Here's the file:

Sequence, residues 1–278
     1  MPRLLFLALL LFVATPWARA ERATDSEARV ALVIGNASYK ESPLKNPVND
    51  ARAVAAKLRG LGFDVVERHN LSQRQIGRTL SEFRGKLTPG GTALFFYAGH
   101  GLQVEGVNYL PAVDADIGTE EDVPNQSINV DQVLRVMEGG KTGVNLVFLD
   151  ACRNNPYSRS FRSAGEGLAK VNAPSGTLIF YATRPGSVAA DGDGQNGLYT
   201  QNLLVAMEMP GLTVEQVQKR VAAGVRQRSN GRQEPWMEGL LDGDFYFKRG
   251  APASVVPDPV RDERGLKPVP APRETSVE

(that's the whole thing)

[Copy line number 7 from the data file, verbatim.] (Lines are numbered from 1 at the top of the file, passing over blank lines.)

   251  APASVVPDPV RDERGLKPVP APRETSVE